Union Bashing in LA

Let our journalists help you make sense of the noise: Subscribe to the Mother Jones Daily newsletter and get a recap of news that matters.


Los Angeles mayor Antonio Villaraigosa, a former teachers union employee and staunch union supporter, decided yesterday he’d finally had enough and delivered a stinging speech calling the LA teachers union, among other things, “one unwavering roadblock to reform.” Needless to say, union president A.J. Duffy was unhappy:

Furious union representatives denounced the mayor’s comments as those of a turncoat who seemed to ignore the pernicious effects of state budget cuts and had joined in a union-bashing chorus once associated with conservative Republicans. Some seemed bewildered at what they considered a betrayal from Villaraigosa, who defines himself as a “progressive” politician and man of the left.

“Pointing fingers and laying blame does not help improve our schools,” UTLA President A.J. Duffy said in a terse statement. “UTLA will continue our partnership with all parties to overcome the devastating effects of the budget cuts on the education program for our students.”

I’m not plugged into Los Angeles politics even slightly, but I sometimes wonder if Duffy understands just how widely his union is loathed? Somebody should correct me in comments if I’m wrong, but as near as I can tell from my occasional contact with Angelenos, UTLA almost literally has no support anywhere from anybody that it doesn’t directly give money to. Everybody else hates them with a passion. That doesn’t mean Villaraigosa can win a big public battle with UTLA, of course, since they give lots of money to lots of people, but he might. If Villaraigosa plays his cards right, he’ll have about 90% of the city on his side. Pass the popcorn.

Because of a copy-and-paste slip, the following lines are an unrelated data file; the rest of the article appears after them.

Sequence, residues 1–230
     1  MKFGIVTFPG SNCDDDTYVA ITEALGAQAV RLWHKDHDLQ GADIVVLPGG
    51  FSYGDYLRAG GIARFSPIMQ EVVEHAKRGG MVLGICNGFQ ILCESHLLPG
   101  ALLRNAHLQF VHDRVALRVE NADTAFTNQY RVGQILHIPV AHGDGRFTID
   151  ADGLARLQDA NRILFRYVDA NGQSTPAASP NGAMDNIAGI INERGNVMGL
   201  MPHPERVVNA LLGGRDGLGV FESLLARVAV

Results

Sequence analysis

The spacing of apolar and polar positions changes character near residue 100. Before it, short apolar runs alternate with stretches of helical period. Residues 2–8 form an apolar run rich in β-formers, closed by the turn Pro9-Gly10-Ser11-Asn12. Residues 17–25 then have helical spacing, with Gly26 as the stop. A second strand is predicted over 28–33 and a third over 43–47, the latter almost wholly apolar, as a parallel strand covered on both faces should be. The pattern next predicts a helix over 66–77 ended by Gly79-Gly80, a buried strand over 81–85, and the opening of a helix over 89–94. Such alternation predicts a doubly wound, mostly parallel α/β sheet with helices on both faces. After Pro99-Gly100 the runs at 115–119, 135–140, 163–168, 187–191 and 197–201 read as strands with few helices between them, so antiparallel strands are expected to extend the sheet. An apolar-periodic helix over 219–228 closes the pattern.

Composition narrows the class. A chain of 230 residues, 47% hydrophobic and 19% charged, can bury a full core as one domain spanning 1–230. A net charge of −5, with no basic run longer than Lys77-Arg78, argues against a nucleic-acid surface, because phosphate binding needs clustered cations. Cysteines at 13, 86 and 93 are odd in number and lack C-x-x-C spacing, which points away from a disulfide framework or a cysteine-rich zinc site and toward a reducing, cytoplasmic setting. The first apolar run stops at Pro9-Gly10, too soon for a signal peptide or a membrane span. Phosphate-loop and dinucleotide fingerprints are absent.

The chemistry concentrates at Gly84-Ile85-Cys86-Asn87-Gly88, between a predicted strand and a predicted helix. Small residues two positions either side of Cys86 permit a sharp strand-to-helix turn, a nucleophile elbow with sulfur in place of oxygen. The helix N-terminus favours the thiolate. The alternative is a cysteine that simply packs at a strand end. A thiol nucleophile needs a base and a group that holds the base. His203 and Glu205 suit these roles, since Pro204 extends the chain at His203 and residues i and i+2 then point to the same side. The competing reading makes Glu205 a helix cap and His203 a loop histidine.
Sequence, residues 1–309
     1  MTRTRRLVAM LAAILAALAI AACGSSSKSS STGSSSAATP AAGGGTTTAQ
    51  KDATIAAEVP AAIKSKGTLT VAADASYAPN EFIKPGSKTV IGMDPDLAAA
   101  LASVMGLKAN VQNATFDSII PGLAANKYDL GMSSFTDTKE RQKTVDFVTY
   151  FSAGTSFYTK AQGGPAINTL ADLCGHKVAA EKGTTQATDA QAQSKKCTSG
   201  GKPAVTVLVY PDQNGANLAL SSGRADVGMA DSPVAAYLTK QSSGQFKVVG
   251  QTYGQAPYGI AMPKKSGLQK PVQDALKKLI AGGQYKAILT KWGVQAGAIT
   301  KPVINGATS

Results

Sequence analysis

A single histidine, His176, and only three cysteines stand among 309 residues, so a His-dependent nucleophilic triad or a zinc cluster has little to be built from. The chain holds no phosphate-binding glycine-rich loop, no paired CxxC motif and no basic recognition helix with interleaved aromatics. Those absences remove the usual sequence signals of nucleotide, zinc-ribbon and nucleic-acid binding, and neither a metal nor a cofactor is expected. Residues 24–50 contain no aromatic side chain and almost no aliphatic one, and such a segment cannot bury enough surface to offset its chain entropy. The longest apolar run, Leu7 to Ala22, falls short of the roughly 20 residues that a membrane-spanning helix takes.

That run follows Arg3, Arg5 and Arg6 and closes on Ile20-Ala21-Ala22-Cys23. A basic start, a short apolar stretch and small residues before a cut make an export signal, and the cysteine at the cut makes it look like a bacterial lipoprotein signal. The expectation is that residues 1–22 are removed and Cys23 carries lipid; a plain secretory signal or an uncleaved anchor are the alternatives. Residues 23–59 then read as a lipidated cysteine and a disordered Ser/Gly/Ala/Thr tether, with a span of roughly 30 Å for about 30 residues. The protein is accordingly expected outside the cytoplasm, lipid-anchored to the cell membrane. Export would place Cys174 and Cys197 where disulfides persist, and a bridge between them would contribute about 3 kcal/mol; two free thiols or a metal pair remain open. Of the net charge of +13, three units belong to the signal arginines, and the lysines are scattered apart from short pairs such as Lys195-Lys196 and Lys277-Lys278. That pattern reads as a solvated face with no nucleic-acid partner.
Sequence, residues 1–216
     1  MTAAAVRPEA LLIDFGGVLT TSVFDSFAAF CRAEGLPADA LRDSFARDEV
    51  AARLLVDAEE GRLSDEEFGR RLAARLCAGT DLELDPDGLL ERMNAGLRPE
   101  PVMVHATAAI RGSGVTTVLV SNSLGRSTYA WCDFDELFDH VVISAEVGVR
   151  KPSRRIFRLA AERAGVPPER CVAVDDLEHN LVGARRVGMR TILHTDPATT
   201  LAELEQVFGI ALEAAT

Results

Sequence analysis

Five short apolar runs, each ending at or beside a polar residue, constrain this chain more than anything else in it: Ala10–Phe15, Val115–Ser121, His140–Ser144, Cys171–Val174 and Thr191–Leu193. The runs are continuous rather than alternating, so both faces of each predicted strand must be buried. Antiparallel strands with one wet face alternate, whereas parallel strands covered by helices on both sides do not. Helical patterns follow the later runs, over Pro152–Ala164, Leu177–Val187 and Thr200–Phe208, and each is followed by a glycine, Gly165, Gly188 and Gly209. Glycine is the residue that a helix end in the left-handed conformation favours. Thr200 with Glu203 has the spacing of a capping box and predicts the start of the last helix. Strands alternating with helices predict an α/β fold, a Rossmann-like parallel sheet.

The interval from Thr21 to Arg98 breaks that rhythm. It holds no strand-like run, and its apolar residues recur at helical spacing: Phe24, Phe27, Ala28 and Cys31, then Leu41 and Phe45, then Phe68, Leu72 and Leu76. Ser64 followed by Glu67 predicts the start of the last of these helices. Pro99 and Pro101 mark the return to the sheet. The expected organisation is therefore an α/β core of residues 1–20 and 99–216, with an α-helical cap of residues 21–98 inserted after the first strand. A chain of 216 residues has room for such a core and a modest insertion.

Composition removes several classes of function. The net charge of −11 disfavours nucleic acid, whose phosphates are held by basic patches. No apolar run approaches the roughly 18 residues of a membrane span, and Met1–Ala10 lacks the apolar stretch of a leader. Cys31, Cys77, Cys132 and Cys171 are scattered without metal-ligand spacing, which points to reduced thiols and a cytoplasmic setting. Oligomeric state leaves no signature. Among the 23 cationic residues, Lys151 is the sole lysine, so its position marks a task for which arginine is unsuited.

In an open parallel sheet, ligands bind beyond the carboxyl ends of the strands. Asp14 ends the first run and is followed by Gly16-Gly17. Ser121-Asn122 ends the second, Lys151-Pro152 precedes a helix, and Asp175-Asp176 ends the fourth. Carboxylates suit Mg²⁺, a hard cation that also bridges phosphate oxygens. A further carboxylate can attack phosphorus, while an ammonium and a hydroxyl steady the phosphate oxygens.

FACT:

Mother Jones was founded as a nonprofit in 1976 because we knew corporations and the wealthy wouldn't fund the type of hard-hitting journalism we set out to do.

Today, reader support makes up about two-thirds of our budget, allows us to dig deep on stories that matter, and lets us keep our reporting free for everyone. If you value what you get from Mother Jones, please join us with a tax-deductible donation today so we can keep on doing the type of journalism 2020 demands.

payment methods

FACT:

Mother Jones was founded as a nonprofit in 1976 because we knew corporations and the wealthy wouldn't fund the type of hard-hitting journalism we set out to do.

Today, reader support makes up about two-thirds of our budget, allows us to dig deep on stories that matter, and lets us keep our reporting free for everyone. If you value what you get from Mother Jones, please join us with a tax-deductible donation today so we can keep on doing the type of journalism 2020 demands.

payment methods

We Recommend

Latest

Sign up for our free newsletter

Subscribe to the Mother Jones Daily to have our top stories delivered directly to your inbox.

Get our award-winning magazine

Save big on a full year of investigations, ideas, and insights.

Subscribe

Support our journalism

Help Mother Jones' reporters dig deep with a tax-deductible donation.

Donate